This restaurant has become famous for its Kare-Kareng Bagnet: Ilokano-style crispy pork belly served with peanut sauce and bagoong rice. It's actually a deconstructed kare-kare with the really crispy bagnet and vegetables served over a thin layer of peanut sauce. For lovers of Bicolano food they have Bagnet Bicol Express, a happy fusion of Ilocano bagnet with the traditional Bicolano spicy coconut milk dish.

Bagnet Bicol Express and Kare-kareng Bagnet
Top: Bagnet Bicol Express; bottom: Kare-kareng Bagnet.

Beef dishes at Pino include Crispy Tenderloin Tapsilog – their twist on a typical Pinoy breakfast with what looked like fried quail eggs – and Coffee-Crusted Beef Belly. We found the latter actually better than the bagnet dishes here. The beef belly was very tender and the coffee taste very subtle.

Crispy Tenderloin Tapsilog and Coffee-Crusted Beef Belly
Top: Crispy Tenderloin Tapsilog; bottom: Coffee-Crusted Beef Belly.

Many of the dishes at Pino might not endear it to health buffs but fortunately, Pino Resto Bar comes with its health-conscious sister, namely Pipino Vegetarian. The latter is just next door, and as its name implies, serves vegetable dishes. You can cross-order from them (as well as from π Breakfast and Pies next door – all three have one owner). We had their Veggie Triangles for starters and it was surprisingly delicious. Nina also had their Eggplant and Tofu Miso with coconut cream and served with brown rice.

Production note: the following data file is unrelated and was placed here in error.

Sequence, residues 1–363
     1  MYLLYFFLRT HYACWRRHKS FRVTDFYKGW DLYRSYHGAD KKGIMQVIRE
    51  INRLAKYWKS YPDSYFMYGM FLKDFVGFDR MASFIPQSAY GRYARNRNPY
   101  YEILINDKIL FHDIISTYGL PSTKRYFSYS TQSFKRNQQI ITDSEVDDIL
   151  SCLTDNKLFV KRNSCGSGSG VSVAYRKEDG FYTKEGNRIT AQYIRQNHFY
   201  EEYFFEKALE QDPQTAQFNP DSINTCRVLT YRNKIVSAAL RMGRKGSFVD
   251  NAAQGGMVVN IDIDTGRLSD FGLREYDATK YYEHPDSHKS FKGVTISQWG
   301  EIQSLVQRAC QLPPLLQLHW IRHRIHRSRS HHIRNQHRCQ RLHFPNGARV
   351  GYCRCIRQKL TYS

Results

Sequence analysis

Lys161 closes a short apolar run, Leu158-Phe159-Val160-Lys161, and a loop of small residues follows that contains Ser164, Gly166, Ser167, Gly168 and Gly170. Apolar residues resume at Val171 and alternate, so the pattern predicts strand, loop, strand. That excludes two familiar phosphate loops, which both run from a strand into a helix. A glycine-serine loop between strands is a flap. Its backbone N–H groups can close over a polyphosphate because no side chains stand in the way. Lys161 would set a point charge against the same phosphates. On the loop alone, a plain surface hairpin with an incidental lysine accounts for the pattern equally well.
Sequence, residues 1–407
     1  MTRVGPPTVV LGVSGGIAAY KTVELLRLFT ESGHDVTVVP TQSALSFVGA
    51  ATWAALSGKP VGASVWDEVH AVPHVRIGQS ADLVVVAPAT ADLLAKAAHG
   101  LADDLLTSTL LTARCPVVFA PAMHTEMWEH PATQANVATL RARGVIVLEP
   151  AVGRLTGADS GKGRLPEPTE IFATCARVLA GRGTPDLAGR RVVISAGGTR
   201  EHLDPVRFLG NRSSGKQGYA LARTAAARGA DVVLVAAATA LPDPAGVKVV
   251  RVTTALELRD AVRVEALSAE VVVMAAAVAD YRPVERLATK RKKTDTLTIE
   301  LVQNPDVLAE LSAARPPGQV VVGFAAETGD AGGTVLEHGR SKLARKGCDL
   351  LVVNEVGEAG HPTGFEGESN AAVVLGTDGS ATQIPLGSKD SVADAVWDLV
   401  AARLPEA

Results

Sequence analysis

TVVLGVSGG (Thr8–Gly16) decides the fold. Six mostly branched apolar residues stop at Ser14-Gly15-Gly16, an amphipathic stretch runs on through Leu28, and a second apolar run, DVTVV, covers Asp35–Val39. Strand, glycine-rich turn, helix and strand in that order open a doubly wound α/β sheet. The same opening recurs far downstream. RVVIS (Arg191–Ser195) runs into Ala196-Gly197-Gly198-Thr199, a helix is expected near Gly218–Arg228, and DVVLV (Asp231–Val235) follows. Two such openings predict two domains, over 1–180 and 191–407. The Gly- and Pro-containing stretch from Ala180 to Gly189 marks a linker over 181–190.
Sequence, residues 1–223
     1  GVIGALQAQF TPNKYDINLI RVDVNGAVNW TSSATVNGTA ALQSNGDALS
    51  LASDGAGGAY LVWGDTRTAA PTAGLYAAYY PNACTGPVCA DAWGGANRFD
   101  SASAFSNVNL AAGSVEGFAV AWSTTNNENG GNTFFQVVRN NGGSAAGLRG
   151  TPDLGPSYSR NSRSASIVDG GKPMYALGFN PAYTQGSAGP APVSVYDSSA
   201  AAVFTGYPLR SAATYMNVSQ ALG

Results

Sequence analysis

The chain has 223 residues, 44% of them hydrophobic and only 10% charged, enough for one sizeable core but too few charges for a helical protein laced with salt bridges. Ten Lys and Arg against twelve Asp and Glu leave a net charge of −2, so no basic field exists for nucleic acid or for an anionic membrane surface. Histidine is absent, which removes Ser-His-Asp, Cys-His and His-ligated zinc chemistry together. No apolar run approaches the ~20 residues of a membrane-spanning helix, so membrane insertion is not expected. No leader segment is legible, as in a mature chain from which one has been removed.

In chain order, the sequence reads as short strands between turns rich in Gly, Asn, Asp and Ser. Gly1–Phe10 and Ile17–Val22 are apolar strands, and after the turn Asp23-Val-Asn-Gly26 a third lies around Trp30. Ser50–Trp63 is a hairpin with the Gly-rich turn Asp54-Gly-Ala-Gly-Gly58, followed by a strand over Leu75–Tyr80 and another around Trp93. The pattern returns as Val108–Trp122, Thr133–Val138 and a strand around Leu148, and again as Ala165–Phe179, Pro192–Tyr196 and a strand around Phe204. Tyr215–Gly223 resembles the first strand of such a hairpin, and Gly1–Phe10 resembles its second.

More Restos

We've actually visited Maginhawa sporadically since 2011. A lot of other restaurants have sprouted since then, with the Z-Compound restos being among the latest. We also tried Ally's All-Day Breakfast Place, also in Malingap Street. Their specialty is affordable make-your-own waffles and pancakes and they also have an assortment of budget meals for rice and pasta lovers. We enjoyed their Bacon Dynamite appetizer – long bacon strips wrapped around green chili peppers. We thought the peppers were mild enough for our taste and just right for appetizers but then we probably have a higher tolerance for spicy food than most Pinoys.

Gayuma ni Maria's twice baked chicken in olive oil and garlic
Gayuma ni Maria's Please Be Careful with My Heart – twice baked chicken in olive oil and garlic.

Two other restaurants which have been around for some time and which we've visited are Sancho Churreria Manila and Gayuma ni Maria. Sancho Churreria Manila serves Spanish comfort food as well as desserts such as churros, eclairs and cream puffs. Gayuma ni Maria is an "aphrodisiac" concept or love-themed restaurant. Their baby back ribs and chocolate cake (named Beats Sex Any Day) are the standouts.

dishes at Kiss the Cook Cafe
Our first crack at Maginhawa's restos was at the now-defunct Kiss the Cook Café.

We do need to mention the first restaurant we had ever tried here but had since closed down: Kiss the Cook Café. Our stint here made us realize that much of the food at Maginhawa was not your usual fare and that a lot of the restauranteurs here were willing to innovate and experiment – just the kind of place we were looking for. Now, if only we had lived closer…